everything except intellectual development. He didn't recognize any
words in the book. I do not know why this is because he has many books
read to him and attends nursery 3 days a week and does a lot of
reading there. To have another look at books and words with Jack I
will include them in my next visit.
dren who are securely attached to their parents are provided a solid foundation for healthy development, including the establishment of strong peer relationships and the ability to empathize with others (Bowlby, 1978; Chen et al., 2012; Holmes, 2006; Main and Cassidy, 1988; Murphy and Laible, 2013). Conversely, young children who do not become securely attached with a primary caregiver (e.g., as a result of maltreatment or separation) may develop insecure behaviors in childhood and potentially suffer other adverse outcomes over the life course, such as mental health disorders and disruption in other social and emotional domains (Ainsworth and Bell, 1970; Bowlby, 2008; Schore, 2005).
More recently, developmental psychologists and economists have described parents as investing resources in their children in anticipation of promoting the children’s social, economic, and psychological well-being. Kalil and DeLeire (2004) characterize this promotion of children’s healthy development as taking two forms: (1) material, monetary, social, and psychological resources and (2) provision of support, guidance, warmth, and love. Bradley and Corwyn (2004) characterize the goals of these investments as helping children successfully regulate biological, cognitive, and social-emotional functioning.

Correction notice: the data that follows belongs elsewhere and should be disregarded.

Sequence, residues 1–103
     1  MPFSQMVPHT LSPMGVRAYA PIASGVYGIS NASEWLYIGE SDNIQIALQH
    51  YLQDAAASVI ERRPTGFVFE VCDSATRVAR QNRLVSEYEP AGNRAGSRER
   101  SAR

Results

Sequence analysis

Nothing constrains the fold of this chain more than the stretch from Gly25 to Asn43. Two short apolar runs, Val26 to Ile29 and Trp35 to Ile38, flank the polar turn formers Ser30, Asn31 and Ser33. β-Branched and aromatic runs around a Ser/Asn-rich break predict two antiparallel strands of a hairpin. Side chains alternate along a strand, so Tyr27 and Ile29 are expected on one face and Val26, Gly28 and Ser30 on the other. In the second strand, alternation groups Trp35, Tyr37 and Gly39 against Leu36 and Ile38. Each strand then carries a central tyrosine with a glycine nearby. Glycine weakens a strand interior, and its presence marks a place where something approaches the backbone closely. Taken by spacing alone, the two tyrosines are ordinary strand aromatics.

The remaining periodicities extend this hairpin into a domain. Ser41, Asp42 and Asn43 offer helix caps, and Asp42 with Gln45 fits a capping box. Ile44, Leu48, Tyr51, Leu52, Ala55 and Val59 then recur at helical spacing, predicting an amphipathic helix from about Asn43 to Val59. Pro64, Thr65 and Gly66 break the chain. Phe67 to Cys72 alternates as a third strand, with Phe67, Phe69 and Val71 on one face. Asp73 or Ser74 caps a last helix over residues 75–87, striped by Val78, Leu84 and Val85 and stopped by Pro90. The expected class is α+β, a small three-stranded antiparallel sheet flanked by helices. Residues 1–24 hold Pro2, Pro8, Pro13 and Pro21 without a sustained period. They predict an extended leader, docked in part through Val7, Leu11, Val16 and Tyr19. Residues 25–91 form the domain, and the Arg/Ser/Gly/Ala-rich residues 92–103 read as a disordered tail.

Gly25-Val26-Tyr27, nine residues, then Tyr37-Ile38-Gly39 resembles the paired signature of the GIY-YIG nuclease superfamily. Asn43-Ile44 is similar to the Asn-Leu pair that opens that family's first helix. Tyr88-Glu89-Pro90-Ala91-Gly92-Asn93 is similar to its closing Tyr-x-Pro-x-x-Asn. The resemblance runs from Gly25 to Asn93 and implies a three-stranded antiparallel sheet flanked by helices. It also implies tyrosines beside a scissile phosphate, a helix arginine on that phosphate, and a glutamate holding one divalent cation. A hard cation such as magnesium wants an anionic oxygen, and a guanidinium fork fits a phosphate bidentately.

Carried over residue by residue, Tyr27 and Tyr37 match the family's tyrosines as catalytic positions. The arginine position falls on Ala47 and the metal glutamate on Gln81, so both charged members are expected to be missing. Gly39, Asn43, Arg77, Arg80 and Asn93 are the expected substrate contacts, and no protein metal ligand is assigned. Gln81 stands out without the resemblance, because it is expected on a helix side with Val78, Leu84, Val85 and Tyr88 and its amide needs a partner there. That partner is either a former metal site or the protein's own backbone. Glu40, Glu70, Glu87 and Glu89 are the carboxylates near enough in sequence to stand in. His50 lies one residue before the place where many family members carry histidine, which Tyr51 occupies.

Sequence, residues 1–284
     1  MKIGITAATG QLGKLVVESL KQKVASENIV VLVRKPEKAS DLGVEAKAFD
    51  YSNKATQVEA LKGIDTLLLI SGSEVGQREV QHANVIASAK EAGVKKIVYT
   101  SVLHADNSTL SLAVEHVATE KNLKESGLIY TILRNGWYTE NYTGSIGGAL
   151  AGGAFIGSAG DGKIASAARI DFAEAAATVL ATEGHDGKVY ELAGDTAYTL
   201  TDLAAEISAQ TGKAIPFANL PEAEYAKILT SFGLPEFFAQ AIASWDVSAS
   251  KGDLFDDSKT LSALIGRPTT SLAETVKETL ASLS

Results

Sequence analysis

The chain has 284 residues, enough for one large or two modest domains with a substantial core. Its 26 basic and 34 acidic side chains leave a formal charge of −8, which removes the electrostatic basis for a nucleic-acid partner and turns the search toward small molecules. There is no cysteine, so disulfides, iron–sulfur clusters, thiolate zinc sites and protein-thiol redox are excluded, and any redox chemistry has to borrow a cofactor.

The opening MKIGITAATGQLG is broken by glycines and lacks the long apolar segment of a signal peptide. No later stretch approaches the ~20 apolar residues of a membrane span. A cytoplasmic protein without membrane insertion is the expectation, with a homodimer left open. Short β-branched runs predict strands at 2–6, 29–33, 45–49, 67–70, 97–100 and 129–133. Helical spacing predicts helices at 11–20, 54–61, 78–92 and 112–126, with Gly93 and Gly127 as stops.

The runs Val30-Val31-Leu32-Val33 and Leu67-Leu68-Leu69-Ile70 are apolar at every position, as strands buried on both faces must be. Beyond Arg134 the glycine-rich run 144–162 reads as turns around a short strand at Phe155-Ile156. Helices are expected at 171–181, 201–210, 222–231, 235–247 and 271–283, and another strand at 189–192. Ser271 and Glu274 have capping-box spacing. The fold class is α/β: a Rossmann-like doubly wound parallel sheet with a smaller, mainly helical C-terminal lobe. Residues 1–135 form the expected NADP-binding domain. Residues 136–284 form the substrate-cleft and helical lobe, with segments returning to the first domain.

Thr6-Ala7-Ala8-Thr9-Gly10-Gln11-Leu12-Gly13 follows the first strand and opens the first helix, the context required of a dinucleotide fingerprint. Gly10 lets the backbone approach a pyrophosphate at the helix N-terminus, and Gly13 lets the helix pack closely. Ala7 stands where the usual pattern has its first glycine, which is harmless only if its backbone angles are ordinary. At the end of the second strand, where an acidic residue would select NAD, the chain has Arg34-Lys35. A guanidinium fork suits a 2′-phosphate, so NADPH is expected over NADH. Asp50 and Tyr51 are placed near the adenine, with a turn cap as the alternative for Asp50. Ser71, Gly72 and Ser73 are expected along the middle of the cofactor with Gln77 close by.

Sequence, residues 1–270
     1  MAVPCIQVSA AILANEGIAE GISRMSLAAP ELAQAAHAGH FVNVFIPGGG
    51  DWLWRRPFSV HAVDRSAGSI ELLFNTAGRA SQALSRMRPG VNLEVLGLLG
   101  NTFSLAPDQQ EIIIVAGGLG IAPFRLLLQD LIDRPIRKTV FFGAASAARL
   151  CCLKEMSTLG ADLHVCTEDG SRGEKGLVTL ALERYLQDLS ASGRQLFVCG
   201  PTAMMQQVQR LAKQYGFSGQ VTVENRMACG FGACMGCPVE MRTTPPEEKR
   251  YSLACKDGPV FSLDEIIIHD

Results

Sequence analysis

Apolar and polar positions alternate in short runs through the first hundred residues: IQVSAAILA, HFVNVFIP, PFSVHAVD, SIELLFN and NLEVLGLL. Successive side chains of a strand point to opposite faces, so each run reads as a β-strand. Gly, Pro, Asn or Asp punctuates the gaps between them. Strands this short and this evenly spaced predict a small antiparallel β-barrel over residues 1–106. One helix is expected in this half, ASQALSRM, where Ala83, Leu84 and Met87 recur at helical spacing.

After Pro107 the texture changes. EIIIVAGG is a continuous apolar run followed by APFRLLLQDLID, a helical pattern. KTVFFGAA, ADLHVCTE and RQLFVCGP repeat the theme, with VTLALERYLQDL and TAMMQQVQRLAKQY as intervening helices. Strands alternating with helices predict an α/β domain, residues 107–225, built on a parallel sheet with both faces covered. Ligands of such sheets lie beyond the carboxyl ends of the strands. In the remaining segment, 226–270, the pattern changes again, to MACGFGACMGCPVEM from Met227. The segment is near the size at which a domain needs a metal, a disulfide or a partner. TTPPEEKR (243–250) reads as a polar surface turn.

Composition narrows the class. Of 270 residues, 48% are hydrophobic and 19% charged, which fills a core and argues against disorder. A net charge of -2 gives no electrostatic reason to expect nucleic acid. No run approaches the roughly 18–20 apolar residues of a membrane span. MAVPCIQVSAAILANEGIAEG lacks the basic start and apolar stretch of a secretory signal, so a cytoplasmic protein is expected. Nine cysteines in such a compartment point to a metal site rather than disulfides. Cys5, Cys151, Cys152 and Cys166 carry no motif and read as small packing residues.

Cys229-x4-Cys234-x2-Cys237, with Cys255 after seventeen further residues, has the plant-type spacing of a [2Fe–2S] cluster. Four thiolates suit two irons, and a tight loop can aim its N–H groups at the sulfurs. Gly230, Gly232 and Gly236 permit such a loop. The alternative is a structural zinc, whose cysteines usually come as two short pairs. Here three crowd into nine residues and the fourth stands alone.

Parents possess different levels and quality of access to knowledge that can guide the formation of their parenting attitudes and practices. As discussed in greater detail in Chapter 2, the parenting practices in which parents engage are influenced and informed by their knowledge, including facts and other information relevant to parenting, as well as skills gained through experience or education. Parenting practices also are influenced by attitudes, which in this context refer to parents’ viewpoints, perspectives, reactions, or settled ways of thinking with respect to the roles and importance of parents and parenting in children’s development, as well as parents’ responsibilities. Attitudes may be part of a set of beliefs shared within a cultural group and founded in common experiences, and they often direct the transformation of knowledge into practice.
Parenting knowledge, attitudes, and practices are shaped, in part, by parents’ own experiences (including those from their own childhood) and circumstances; expectations and practices learned from others, such as family, friends, and other social networks; and beliefs transferred through cultural and social systems. Parenting also is shaped by the availability of supports within the larger community and provided by institutions, as well as by policies that affect the availability of supportive services.
Along with the multiple sources of parenting knowledge, attitudes, and practices and their diversity among parents, it is important to acknowledge the diverse influences on the lives of children. While parents are central to children’ development, other influences, such as relatives, close family friends, teachers, community members, peers, and social institutions, also